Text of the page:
Four developments here indicate the relentless Kremlin crackdown on dissidents is still going strong in advance of the Moscow Olympic Games and in defiance of US and West European opinion:
On his way to a polyclinic on a quiet street in the Estonian university city of Tartu, ornithologist and language teacher Mart Niklus is suddenly arrested and taken to jail for the second time in two months.
Going to work at a scientific institute in the city of Kalinin north of Moscow, geophysicist Yosif Dyadkin is seized. Later his apartment is searched and papers taken.
In Moscow itself, KGB agents arrest mathematician Alexander Lavut after his apartment and those of two friends have been searched.
And in Section 35 of labor camp No. 389 in the Urals city of Perm, east of Moscow, the best-known of all the jailed dissidents, Anatoly Shcharansky, has an emotional reunion with his mother and brother. For 24 hours they talk without rest or sleep. He reports better health, days filled with work in a metal-working machine shop, and a mental resignation to serving his full sentence, which runs until 1990.
Since last November, about 45 dissidents have been arrested, tried, or exiled -- led by the 1975 Nobel Peace Prize winner Dr. Andrei Sakharov, but also including human-rights and religious activists.
Many have been seized in the cities in which Olympic Games events will be held beginning July 19: Moscow, Tallinn, Leningrad, Minsk, and Kiev. The exiled Vladimir Bukovsky, swapped for Chilean communist Luis Corvalan several years ago , said in Brussels recently that "the geography of arrests closely follows the geography of the games."
Since detente began to unravel in late 1979, the Kremlin has been noticeably less worried about Western criticism. President Carter has lost whatever influence he had to "protect" dissident leaders such as Dr. Sakharov, who now sits in the city of Gorky, isolated from all Western contacts, wondering whether emigration might not be preferable to soliditude after all. He is forbidden from visiting Moscow or even telephoning here.
Activists still free here report official harassment and warnings to leave the city before and during the Olympic Games, which are still expected to bring many tens of thousands of foreign visitors here, especially from Western Europe.
Jewish emigration, which topped 50,000 last year, has dropped by about one-quarter in the first three months of this year -- from 12,100 a year ago to 8,695 this year.
Clearly the Soviets want to take advantage of the crumbling of detente (or at least, hardline KGB officials do) to try and clear away as many dissidents as possible. They also want to prevent large numbers of contacts between dissidents and foreign visitors, especially Jews, here during the Olympic Games.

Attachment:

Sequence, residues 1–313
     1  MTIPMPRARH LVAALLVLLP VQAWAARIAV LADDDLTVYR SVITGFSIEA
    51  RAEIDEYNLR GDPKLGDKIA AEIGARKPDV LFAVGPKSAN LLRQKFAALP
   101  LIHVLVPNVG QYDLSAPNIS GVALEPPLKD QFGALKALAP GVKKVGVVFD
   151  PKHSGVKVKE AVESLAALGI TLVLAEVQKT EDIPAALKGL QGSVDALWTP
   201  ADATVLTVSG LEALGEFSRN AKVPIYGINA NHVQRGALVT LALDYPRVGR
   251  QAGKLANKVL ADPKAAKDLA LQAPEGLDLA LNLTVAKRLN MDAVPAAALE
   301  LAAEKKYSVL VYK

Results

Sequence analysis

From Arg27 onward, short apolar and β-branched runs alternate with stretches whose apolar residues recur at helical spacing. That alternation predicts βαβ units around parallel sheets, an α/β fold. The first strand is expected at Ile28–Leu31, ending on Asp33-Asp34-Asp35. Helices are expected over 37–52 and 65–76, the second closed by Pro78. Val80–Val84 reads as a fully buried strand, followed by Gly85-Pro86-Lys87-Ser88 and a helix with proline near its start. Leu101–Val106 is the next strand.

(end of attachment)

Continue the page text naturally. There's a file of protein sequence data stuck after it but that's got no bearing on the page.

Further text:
Estonian Mart Niklus served a 13-day sentence for vagrancy in March, and contracted a back ailment. Released April 1, he spent 22 days in hospital in April, and was on his way for more treatment when arrested April 29 in Tartu.
A strong supporter of Baltic independence, he was fired from his post as a language teacher at a Tartu night school after joining 44 others in Estonia, Latvia, and Lithuania in signing a "Baltic appeal" last August.
A fellow Estonian dissident, Dr. Juri Kukk, was arrested recently and is being held in Tallinn, the Estonian capital on the Gulf of Finland, where the Olympic yachting regatta will be held.
Mr. Dyadkin, a veteran activist, recently wrote to several Soviet newspapers protesting the internal exile of Dr. Sakharov. He is said to have been charged with anti-Soviet slander, which could mean up to three years in jail.
Mr. Lavut had been linked with the group of dissidents monitoring Soviet compliance with the Helsinki human-rights accord and had also worked on behalf of the Crimean Tatars, who want their own lands back after being forcibly deported to Central Asia during World War II.
News of Anatoly Shcharansky, whose name has come to symbolize the human-rights clash between Washington and Moscow, came April 29 from his brother Leonid and his mother, Ida Milgrom.
For three years their visits have been restricted. Since his trial in the summer of 1978, they had been allowed only one visit a year. Their recent visit to Perm should have been for three days, but camp officials cut it to 24 hours, claiming Mr. Shcharansky had violated prison rules in his previous camp in Chistopol, 500 miles east of Moscow.
His mother and brother reported him thin but mentally strong. The food in the camp was somewhat better than in Chistopol. He asked avidly for news of Dr. Sakharov and of Jewish emigration. Told that more than 50,000 Jews emigrated last year he remarked, "So it has not all been in vain."